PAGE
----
In the US, solar is expected to grow by a stunning 119% this year.
"This is a new energy paradigm and the solar industry officially has a seat at the table with the largest energy producers," exclaims Rhone Resch, President of SEIA.
In April, the US will reach the milestone of 1 million homes with rooftop solar. Community solar is expected to take off this year.
But 74% of growth will be from the many large solar projects that come online this year. The boom comes from developers racing to get projects in the ground in case Congress allowed the ITC to expire.
Because so much large solar comes online this year, it will take a breath in 2017:
"In December, extension of the ITC provided long-term market certainty. Now, in 2016, state-level drivers and risks will move to the forefront and play even larger roles in the growth of both distributed and utility-scale solar," says SEIA.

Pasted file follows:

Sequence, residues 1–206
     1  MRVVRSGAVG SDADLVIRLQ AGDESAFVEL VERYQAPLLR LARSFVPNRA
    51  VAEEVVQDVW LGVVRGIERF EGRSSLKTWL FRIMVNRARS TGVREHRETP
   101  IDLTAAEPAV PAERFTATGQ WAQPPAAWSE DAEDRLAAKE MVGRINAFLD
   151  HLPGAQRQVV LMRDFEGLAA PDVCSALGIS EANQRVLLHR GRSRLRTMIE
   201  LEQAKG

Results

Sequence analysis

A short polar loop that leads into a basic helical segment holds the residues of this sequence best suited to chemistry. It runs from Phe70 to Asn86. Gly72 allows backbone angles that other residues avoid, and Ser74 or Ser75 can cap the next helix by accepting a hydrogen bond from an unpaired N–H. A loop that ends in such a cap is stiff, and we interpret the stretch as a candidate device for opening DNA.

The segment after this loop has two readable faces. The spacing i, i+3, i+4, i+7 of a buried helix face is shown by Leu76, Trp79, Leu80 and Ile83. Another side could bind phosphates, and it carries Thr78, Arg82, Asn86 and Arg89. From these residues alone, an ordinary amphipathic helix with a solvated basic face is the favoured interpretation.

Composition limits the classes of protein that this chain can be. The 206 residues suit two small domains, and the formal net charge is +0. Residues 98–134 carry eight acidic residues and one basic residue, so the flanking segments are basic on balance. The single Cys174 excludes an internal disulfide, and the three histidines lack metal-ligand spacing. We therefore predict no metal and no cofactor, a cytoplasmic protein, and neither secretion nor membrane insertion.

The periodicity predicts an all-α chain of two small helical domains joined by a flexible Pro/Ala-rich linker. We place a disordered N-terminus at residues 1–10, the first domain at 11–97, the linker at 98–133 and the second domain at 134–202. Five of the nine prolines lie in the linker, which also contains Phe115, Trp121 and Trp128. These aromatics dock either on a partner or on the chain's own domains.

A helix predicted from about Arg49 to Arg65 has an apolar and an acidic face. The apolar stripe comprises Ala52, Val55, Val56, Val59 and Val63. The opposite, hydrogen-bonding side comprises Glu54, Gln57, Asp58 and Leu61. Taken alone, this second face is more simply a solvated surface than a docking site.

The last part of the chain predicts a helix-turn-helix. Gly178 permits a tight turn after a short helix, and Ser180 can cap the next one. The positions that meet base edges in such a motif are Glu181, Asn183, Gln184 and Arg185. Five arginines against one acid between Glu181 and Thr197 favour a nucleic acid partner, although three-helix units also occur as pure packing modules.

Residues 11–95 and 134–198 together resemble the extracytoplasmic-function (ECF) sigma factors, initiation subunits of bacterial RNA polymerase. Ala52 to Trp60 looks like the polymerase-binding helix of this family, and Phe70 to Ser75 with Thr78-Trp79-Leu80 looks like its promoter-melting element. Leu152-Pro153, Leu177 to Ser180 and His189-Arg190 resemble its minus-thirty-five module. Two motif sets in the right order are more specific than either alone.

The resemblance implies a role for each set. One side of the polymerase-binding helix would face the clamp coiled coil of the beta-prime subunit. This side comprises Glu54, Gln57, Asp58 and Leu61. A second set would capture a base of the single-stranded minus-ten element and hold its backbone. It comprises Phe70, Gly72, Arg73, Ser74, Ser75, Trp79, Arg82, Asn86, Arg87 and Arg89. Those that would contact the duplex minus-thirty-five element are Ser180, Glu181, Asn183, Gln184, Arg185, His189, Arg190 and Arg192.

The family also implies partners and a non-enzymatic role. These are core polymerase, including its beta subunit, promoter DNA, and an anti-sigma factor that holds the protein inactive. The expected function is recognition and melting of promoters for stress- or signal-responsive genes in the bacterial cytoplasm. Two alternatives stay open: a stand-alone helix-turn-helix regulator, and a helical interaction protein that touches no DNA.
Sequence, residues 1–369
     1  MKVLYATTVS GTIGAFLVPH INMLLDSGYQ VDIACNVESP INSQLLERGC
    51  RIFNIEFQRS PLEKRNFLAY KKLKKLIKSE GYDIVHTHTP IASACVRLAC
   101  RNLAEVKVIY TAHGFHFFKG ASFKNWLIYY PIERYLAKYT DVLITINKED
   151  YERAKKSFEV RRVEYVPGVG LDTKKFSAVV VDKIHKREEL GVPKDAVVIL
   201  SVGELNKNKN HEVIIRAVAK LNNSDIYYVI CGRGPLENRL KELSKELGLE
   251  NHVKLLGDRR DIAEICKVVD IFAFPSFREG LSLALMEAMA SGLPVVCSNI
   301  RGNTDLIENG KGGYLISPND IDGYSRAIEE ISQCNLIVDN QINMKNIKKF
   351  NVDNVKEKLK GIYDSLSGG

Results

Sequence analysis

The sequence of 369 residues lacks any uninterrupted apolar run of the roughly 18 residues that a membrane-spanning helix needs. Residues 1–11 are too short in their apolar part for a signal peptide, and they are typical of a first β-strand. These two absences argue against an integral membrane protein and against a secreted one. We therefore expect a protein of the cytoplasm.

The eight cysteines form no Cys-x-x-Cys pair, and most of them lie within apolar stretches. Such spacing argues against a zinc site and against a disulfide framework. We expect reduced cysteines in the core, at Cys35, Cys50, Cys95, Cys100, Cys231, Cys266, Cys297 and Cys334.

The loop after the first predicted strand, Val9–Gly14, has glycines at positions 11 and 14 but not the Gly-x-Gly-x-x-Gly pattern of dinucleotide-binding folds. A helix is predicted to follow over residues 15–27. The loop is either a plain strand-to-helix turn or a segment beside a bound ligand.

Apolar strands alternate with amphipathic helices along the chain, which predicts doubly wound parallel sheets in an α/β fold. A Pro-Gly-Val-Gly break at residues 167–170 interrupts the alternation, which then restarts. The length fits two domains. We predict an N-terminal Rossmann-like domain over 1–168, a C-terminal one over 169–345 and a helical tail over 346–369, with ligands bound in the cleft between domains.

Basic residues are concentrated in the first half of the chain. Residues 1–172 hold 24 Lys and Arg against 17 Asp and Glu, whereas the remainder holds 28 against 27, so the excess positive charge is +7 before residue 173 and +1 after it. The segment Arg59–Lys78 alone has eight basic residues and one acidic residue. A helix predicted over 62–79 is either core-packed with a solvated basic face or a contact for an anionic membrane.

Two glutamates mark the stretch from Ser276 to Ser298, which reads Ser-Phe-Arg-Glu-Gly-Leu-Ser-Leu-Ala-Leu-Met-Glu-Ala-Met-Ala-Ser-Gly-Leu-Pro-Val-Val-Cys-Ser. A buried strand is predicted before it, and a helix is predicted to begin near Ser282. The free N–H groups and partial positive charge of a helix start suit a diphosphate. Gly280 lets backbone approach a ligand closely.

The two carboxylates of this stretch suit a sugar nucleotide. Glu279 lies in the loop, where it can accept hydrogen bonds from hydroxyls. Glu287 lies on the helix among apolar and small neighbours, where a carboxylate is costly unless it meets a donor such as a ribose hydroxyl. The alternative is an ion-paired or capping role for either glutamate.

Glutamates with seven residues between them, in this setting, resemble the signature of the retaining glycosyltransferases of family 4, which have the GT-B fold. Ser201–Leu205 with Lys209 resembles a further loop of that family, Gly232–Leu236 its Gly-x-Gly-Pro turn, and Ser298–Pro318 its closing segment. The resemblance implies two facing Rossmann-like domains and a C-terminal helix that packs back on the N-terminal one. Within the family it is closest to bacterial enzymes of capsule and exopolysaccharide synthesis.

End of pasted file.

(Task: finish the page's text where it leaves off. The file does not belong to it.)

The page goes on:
They are referring to the battle underway by utilities to undermine net metering – a key incentive for rooftop solar – and charge "grid fees."
$2 Billion Shortfall for Utilities
In the Northeast, utilities, already seeing a drop in demand because of increased energy efficiency, will soon earn $2 billion less in revenue from that combined with the boom in renewable energy.
Grid managers plan to buy 1.4 GW less from utilities in 2019 – enough power for 780,000 homes, says ICF International.
In just five years, the US will have over 100 GW of solar installed, with 20 GW being added every year, says GTM Research.